You should now have a mainly black window open which we can type into. If using windows, type ‘ipconfig’ or linux ‘ifconfig’ again without the quotes.

You are looking for something called ‘IPv4 Address’ (Linux is ‘inet’), note on mine I have This is because I am connected to a mobile phone. If I where connected to a fixed landline internet router, I would most probably have so if yours looks different, don’t worry. Another difference is that I am connected wirelessly having connected my RPI3B+ to my phone aswell but if you have connected to the wired hub then your address will be under Ethernet adapter. Anywhich way we get the information  but just don’t worry if its a different section as long as we have an address.


To test your connection, your should ping your gateway but if using a mobile, like I am today for this piece, then you can’t.  What you can do is ping yourself so I will type ‘ping and wait for a reply as below.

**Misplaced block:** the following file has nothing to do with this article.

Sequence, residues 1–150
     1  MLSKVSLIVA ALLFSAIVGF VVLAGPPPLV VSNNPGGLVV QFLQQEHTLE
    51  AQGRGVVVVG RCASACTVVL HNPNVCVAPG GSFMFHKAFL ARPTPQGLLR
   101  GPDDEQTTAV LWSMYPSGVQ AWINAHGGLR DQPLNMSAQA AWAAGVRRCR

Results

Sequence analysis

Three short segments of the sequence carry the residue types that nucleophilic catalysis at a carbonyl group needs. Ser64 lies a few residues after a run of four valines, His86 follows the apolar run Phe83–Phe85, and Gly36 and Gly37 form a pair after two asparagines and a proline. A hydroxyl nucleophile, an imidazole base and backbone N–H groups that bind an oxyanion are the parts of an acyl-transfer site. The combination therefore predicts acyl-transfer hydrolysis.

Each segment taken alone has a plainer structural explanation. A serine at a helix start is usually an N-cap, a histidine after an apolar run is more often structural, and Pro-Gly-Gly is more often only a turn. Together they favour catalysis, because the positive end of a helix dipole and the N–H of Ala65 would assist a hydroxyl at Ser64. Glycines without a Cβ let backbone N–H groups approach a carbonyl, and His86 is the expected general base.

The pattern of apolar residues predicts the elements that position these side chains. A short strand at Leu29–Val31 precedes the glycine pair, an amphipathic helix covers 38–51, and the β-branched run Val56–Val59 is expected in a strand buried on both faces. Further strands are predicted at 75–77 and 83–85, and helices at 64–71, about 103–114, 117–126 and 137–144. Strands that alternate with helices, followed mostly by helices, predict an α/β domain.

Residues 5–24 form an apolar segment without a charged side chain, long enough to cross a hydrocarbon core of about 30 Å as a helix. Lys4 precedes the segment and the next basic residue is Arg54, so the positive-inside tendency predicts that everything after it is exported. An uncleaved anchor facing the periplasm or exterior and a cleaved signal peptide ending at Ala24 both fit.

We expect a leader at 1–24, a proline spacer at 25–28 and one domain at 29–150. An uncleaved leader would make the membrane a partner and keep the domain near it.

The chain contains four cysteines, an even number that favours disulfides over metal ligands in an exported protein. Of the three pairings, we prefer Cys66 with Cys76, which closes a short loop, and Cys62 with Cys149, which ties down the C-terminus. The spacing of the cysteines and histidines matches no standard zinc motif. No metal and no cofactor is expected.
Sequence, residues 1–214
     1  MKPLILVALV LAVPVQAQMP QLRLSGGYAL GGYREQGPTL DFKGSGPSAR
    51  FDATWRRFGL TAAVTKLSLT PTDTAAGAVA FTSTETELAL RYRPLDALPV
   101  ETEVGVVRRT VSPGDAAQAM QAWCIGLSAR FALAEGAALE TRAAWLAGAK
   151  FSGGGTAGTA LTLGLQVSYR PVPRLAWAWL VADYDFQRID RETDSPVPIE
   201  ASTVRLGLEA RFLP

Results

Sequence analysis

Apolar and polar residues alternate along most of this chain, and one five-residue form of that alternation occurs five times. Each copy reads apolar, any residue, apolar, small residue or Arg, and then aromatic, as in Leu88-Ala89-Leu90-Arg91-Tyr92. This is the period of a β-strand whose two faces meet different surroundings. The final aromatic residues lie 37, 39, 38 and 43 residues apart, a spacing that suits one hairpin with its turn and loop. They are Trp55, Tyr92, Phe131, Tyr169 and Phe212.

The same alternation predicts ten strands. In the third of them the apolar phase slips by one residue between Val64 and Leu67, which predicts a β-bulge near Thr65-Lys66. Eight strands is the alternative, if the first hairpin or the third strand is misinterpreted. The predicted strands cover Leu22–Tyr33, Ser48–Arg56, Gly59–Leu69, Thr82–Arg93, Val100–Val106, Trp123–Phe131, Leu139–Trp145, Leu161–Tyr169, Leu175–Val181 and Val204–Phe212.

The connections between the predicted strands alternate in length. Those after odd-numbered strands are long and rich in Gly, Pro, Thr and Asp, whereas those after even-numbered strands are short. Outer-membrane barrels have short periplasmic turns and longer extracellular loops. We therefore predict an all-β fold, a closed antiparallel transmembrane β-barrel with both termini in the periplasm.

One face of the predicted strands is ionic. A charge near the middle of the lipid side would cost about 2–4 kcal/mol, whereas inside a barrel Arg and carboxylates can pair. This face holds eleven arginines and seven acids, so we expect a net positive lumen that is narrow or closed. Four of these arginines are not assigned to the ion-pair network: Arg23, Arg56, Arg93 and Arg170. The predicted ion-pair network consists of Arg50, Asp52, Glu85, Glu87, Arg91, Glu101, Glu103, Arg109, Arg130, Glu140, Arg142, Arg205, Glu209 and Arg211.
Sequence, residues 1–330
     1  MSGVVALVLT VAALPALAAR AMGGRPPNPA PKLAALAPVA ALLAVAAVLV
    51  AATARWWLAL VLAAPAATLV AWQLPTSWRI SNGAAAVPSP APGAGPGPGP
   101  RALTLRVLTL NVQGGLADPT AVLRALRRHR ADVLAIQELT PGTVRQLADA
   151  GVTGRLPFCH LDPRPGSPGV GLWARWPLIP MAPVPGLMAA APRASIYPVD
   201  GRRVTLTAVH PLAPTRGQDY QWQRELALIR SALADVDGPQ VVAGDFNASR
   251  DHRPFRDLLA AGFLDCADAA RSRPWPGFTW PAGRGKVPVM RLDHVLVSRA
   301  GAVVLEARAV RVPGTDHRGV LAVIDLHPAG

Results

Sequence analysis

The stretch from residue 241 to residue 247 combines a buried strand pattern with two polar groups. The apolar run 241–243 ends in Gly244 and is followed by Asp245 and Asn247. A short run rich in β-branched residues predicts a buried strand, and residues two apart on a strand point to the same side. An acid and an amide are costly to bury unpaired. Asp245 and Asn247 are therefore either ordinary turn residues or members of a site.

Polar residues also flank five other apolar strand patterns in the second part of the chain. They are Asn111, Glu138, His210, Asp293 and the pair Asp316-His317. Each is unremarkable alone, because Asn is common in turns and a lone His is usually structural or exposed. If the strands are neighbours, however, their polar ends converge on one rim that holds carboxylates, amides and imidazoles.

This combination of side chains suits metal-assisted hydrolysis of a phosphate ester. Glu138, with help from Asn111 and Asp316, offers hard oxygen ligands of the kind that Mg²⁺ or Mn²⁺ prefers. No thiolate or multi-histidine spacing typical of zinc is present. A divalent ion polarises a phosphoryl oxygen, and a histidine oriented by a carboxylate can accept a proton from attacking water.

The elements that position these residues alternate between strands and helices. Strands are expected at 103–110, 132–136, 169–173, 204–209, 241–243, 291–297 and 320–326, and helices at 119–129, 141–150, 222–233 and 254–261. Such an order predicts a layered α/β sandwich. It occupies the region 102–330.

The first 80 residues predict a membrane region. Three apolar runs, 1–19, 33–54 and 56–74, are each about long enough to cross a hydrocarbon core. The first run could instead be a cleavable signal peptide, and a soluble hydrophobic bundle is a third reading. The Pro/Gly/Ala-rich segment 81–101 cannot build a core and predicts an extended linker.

ping reply

Why is this important, its like checking the letter flap works and is not screwed shut.

Ok so now we need to find the other devices on the network so lets use the address resolution protocol and type ‘arp -a’ in the cmd(Windows) or Terminal (Linux) application. If you want to see what other functions you can do here then type ‘arp -all’ and it will list what each function of the arp option can do and how to access it. but we want -a and list all our connected devices as below.

cmd arp